The best location for an extinguisher is in an accessible and visible area for quick and easy access. Make sure you have the right kind of fire extinguisher for your needs.
According to the U.S. Fire Administration, a working smoke alarm more than doubles your chance of surviving a house fire.
Make sure to check the batteries every three months and replace your smoke detector every 10 years. New batteries cost about $5 to $10, and replacement smoke detectors run from $10 to $65 on average.
Carbon Monoxide Alarms
Carbon monoxide can cause illness or even death in high doses. However, it's invisible, odorless, and colorless, which means you need a detector to know it’s there. Newer models will last up to seven years and range from $15 to $150 on average.
Heat sensors detect significant temperature spikes in addition to smoke. The sensors will typically run anywhere from $60 to $100 per sensor.
Fire blankets cost $10 to $100 on average. Most non-flammable blankets are designed for up to 900 degrees and can put out small fires with ease. One blanket will typically last around seven years.
Private Fire Hydrants
Private fire hydrants cost between $3,000 and $7,000, and are built on a homeowner’s personal property. The price varies based on the hydrant’s classification, which depends on how many gallons per minute it can handle.
How Much Does It Cost to Install a Fire Sprinkler System Yourself?
Installing a home fire sprinkler system is hardly a weekend DIY because it involves intricate wiring and piping. You also need contracting, plumbing, and electrical experience for this job, which could lead to flooding and water damage when done improperly. A local fire sprinkler company will help ensure your indoor fire system is installed to work when it’s needed most.
FAQs About Residential Fire Sprinklers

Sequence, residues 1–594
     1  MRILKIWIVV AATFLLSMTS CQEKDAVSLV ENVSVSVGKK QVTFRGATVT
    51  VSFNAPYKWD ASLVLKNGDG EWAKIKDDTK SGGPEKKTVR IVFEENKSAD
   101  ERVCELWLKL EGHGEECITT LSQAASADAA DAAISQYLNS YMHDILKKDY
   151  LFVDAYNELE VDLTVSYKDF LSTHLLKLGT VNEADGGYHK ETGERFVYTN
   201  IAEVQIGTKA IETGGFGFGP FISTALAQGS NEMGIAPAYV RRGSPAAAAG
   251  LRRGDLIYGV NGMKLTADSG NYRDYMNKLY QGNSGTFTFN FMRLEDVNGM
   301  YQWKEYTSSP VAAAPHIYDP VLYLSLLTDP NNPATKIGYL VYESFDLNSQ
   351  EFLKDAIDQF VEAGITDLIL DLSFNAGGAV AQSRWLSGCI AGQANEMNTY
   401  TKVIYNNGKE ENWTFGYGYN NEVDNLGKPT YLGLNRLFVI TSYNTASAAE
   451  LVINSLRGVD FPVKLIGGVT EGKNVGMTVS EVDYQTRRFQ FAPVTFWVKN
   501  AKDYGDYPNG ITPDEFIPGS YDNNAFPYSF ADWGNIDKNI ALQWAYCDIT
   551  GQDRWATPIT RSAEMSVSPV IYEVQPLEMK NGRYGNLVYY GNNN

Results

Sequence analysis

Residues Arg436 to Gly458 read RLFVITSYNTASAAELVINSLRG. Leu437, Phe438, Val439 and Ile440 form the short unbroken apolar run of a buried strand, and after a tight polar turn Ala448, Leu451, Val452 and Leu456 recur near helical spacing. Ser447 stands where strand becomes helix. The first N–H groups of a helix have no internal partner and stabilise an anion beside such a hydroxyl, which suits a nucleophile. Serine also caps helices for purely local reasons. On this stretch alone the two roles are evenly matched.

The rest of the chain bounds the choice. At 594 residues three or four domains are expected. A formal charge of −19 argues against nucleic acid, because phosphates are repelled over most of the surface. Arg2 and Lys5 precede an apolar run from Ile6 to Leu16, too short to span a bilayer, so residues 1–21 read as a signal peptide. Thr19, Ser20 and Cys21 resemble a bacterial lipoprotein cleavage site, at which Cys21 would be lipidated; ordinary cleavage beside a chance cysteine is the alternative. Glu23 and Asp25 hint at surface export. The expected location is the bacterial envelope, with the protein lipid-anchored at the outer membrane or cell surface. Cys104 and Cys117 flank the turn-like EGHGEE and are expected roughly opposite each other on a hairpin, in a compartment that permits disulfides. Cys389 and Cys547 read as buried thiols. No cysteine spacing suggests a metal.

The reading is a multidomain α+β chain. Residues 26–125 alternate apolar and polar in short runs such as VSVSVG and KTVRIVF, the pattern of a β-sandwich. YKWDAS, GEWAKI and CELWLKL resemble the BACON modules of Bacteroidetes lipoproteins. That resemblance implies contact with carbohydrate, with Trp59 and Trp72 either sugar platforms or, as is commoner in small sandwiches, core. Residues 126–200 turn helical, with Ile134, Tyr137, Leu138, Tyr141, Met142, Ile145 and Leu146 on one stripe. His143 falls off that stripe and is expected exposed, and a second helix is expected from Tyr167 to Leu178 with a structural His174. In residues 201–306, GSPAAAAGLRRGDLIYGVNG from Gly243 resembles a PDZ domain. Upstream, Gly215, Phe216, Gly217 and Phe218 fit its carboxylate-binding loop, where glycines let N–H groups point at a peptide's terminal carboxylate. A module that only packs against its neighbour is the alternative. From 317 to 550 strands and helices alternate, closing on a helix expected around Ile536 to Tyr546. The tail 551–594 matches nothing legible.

How do fire sprinklers work?
A home fire sprinkler system reduces heat, flames, and smoke within seconds. Fire sprinkler systems hide in walls with sprinkler heads running along the piping throughout your home.
When the air surrounding a sprinkler reaches a specific temperature, the heads closest to the fire activate and release anywhere from 10 to 25 gallons of water per minute.
Why should I install a fire sprinkler system in my home?
The NFPA model codes and International Residential Code (IRC) mandate that all new one- and two-family homes have fire sprinkler systems. However, all municipalities are different. The best way to determine if your municipality requires fire sprinklers is to contact your state fire marshal’s office.
Plus, why exclude key safety measures? A sprinkler system can be the first line of defense in putting out a fire and alerting your family of emergencies.
What other projects should I do at the same time?
While on the subject of prevention and safety, it’s wise for homeowners to also consider adding smoke alarms, carbon monoxide detectors, and fire extinguishers where necessary. A home security system will also help protect your home. Many home security companies offer fire and smoke protection and carbon monoxide detectors in some of their packages. If the system detects carbon monoxide or smoke from a fire, it will automatically contact the monitoring station to alert the authorities.